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Re: What's the Big Deal with Alienware®?

Postby Carnildo » Sat Aug 13, 2011 11:42 am UTC

Felstaff wrote:So, every time I've sniffed around the Alienware® site for a snazzy PC, I've ended up coming away thinking the finalised product I've chosen is a bloated, overpriced ridiculous peacock of a machine; a flashy plaything for the super-rich, like a first generation iPod in 2001.

What's the big deal? Why is it so popular amongst gamers? I've done a quick comparison between two rigs; one I purchased off of pcspecialist.co.uk, and a similar rig set up through Dell's Alienware® customisable page.

Back in the day, very few companies made dedicated gaming PCs, and high-end systems were pretty much exclusively a do-it-yourself proposition. Buying an Alienware would get you an absolute top-of-the-line gaming system at about twice the cost of building it yourself: for a premium of $2000 or so, you'd get an Alienware warranty, Alienware know-how in part selection, Alienware build quality, and Alienware reputation.

Then Dell bought Alienware. Somehow, Alienware managed to keep the reputation while losing everything else.
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Re: What's the Big Deal with Alienware®?

Postby Technical Ben » Tue Aug 23, 2011 1:57 pm UTC

Yep. AFAIK Aleinware were ok, still overpriced but they had good systems. Now they are probably just an average over-hyped product.
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Re: What's the Big Deal with Alienware®?

Postby Malconstant » Fri Sep 02, 2011 9:22 pm UTC

Oh yeah, Alienware is a notorious ripoff. It's not at all like mac vs. pc, because they don't manufacture custom parts designed with the complete package in mind, it's just a third party putting the pieces together, that's all.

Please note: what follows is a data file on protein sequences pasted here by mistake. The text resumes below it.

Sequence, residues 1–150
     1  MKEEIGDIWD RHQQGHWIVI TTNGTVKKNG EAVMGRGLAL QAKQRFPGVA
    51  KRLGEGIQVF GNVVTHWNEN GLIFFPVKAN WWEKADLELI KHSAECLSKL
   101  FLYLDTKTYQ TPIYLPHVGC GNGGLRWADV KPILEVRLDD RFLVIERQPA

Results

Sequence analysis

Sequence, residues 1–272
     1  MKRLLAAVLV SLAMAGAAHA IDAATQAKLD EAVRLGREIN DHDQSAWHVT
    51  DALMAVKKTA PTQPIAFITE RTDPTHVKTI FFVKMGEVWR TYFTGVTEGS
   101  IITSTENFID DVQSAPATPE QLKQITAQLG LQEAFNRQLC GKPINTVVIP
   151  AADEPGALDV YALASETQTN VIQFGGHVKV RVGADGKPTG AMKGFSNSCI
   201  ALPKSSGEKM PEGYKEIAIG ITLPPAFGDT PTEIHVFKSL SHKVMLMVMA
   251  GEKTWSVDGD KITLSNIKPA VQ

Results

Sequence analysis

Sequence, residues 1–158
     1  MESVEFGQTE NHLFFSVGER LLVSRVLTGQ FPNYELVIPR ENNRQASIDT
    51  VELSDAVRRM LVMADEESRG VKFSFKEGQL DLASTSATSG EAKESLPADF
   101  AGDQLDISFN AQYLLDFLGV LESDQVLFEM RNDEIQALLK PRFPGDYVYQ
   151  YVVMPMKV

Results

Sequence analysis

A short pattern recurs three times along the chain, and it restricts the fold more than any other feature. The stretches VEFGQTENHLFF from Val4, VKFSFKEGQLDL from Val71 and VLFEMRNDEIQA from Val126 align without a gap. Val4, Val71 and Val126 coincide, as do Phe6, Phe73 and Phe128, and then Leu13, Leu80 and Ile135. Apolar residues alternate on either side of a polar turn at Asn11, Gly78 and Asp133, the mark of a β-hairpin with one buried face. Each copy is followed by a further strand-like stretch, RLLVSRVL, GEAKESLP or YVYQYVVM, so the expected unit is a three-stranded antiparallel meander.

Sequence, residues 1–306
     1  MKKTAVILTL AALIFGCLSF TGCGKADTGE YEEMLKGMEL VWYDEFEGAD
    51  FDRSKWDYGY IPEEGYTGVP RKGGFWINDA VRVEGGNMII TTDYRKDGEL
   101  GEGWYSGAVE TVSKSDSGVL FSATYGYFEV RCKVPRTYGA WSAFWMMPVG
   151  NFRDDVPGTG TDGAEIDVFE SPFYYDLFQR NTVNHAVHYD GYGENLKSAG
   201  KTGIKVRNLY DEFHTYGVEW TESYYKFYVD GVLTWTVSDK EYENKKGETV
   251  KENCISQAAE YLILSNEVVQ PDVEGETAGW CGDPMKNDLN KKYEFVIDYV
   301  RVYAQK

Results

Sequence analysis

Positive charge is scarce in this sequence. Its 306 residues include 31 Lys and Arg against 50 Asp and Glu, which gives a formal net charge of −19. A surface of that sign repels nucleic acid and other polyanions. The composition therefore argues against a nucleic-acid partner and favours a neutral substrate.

I put together my little masterpiece here with the help of the good people at Microcenter's build your own pc department. I easily saved thousands compared to getting something comparable with Alienware. All the better if you want to physically put it together yourself, lots of good websites to get the hardware from too.
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Re: What's the Big Deal with Alienware®?

Postby Turtlewing » Fri Sep 16, 2011 8:59 pm UTC

Alienware PCs do have unique cases. The majority of the "benefits" of those cases are cosmetic, but you can't get those cases except as part of a new alienware pc or used from a previous owner of an alienware pc.

Other then that, the only reason to buy Alienware over building your own PC in convenience. If you lack either the skills or the motivation to research design and build a PC the extra cost to have someone else do it for you may be justified. And if you lack the skills to design and build a PC yourself, you probably also lack the skills to evaluate the quality of a brand yourself. Alienware has the advantage of having earned a good reputation for build quality, choosing their components, well and designing cases that are easy to perform maintenance on (some may say they no longer deserve it it but I've never seen proof one way or another so I reserve judgment).

So if you're looking to buy a computer for high end gaming, don't actually know anything about graphics card architectures, or front side buss speeds, etc, and have more money than desire to learn an unspecified quantity of new information that will be largely obsolete in 6 months, you buy an Alienware because it's easy, and they have a good reputation. If you know computers inside and out and can quickly become familiar with the pros and cons of current cutting edge hardware you save a lot of money by buying from a lesser known brand, or by building the machine yourself from parts.
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Re: What's the Big Deal with Alienware®?

Postby Ryom » Mon Sep 19, 2011 9:11 am UTC